The ANC and its allies in the Youth League and elsewhere like to pretend that ever greater state ownership and control of the mining industry will help increase and spread the benefits of South Africa’s great mineral wealth. But international experience shows that state mining companies generally fail, managing to produce only a fraction of what the private sector is able to achieve.
However, the most important obstacle to success is usually poor governance. State mining companies (in the careful words of the Extractive Industries Source Book) are often captured by small and privileged elites, which use them for their own gains rather than in the national interest.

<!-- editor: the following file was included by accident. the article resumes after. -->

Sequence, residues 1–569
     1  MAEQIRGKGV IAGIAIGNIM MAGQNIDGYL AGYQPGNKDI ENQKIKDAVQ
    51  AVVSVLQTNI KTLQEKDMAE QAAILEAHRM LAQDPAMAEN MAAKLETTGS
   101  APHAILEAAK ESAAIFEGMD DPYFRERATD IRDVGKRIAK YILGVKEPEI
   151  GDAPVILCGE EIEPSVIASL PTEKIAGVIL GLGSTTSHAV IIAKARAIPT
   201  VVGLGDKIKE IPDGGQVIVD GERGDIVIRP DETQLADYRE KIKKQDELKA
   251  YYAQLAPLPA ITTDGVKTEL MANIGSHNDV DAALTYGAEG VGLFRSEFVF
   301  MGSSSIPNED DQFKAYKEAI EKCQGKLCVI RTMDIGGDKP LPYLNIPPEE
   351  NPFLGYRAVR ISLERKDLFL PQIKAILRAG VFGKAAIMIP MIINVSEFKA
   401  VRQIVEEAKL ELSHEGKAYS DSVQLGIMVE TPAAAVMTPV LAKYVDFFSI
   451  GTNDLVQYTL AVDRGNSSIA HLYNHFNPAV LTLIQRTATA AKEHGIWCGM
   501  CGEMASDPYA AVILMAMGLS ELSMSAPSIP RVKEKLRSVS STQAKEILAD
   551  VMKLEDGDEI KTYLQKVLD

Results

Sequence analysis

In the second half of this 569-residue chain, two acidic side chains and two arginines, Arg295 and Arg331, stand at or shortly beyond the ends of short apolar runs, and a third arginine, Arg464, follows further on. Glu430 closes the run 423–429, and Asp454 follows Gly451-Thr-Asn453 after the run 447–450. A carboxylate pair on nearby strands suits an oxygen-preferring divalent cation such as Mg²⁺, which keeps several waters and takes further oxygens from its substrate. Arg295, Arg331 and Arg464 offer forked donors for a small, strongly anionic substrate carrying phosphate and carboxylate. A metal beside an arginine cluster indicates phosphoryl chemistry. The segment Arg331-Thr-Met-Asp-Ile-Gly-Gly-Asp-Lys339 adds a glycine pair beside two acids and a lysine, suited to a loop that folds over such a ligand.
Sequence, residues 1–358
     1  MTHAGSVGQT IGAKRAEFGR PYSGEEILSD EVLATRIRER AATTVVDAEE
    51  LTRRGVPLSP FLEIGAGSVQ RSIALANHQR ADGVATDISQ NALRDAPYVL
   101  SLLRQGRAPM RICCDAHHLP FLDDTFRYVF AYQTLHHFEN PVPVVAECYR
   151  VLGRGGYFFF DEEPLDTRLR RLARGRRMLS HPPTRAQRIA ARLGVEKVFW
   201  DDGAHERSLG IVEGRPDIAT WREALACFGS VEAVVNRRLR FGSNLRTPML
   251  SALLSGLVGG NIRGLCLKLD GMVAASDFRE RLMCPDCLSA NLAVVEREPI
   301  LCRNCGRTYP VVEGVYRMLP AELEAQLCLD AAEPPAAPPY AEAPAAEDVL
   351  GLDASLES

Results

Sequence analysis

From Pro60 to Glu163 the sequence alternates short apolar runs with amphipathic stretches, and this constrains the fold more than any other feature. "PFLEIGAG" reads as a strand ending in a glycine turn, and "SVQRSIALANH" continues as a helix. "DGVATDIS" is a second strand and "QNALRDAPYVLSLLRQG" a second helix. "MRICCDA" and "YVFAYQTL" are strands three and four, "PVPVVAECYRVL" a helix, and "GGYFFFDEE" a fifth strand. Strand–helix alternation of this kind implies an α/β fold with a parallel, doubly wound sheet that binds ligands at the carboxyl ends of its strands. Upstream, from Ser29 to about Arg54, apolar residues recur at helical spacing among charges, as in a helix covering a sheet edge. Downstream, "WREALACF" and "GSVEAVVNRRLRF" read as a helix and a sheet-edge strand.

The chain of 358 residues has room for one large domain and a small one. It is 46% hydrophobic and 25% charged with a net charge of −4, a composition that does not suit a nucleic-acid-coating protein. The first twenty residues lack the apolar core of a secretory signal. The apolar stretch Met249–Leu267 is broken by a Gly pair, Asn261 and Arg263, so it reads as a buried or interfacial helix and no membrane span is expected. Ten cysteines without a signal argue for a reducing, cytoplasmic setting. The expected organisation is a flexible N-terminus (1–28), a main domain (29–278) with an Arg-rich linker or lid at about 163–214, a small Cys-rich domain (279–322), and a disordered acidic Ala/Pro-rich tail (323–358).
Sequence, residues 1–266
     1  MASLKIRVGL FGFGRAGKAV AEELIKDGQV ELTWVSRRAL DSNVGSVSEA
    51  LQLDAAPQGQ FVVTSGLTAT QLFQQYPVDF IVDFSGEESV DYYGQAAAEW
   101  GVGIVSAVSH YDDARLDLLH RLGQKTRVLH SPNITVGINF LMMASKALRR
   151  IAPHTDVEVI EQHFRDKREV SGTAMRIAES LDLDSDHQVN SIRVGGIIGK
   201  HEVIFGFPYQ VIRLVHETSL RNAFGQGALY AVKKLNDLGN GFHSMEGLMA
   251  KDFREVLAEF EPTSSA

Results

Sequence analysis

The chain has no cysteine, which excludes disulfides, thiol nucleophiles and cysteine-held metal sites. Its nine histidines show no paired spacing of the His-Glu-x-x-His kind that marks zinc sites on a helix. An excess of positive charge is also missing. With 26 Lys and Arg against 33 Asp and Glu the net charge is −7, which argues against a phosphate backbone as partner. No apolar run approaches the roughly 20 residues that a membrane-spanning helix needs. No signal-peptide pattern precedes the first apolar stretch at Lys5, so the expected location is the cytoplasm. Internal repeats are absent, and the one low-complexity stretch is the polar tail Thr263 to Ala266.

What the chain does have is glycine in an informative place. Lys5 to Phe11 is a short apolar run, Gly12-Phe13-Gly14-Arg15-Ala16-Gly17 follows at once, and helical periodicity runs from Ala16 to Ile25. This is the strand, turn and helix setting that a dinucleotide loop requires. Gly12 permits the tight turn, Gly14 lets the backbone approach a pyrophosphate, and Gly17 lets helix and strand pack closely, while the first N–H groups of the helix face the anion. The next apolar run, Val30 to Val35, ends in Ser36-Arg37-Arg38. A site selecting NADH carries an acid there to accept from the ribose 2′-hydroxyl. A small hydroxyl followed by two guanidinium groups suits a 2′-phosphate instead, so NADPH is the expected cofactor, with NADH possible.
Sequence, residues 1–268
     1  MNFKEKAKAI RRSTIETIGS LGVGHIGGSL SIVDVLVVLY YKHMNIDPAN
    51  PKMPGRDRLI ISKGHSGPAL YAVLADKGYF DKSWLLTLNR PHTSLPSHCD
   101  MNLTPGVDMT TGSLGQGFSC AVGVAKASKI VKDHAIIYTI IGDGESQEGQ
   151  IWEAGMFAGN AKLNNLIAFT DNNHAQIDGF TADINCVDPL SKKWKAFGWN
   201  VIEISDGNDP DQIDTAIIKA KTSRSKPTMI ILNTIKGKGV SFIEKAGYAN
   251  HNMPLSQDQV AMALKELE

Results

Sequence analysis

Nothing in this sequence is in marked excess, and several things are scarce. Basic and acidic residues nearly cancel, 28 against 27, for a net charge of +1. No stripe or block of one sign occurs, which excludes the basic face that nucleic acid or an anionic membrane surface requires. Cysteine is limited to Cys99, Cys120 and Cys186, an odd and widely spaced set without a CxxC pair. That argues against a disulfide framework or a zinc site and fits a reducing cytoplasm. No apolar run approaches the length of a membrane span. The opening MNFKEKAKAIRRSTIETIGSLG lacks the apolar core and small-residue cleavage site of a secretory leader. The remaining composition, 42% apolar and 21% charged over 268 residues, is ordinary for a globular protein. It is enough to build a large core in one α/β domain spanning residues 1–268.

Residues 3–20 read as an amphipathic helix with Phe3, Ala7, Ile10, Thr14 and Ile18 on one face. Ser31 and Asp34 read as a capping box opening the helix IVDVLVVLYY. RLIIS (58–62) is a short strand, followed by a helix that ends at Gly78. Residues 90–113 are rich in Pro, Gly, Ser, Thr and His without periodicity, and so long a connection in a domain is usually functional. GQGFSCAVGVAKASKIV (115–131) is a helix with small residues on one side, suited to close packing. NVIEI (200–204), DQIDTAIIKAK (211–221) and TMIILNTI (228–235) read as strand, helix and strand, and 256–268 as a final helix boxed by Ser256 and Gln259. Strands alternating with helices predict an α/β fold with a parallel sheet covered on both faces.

In practice, the mining revenues generated by state companies are often concealed and then siphoned off to individual bank accounts abroad. This risk is particularly telling in South Africa, where the rapid enrichment of the Gupta family has shown how easily public resources can be commandeered and spirited out of the country with the help of the politically powerful.
The new mining charter has many other damaging ramifications. However, its likely role in assisting the state mining company is reason alone to reject it. Far from helping to counter rising poverty levels in South Africa, it will further empower the ANC and advance its socialist objectives. It will also bring great wealth and power to a narrow group of corrupt politicians and their favoured crony capitalists.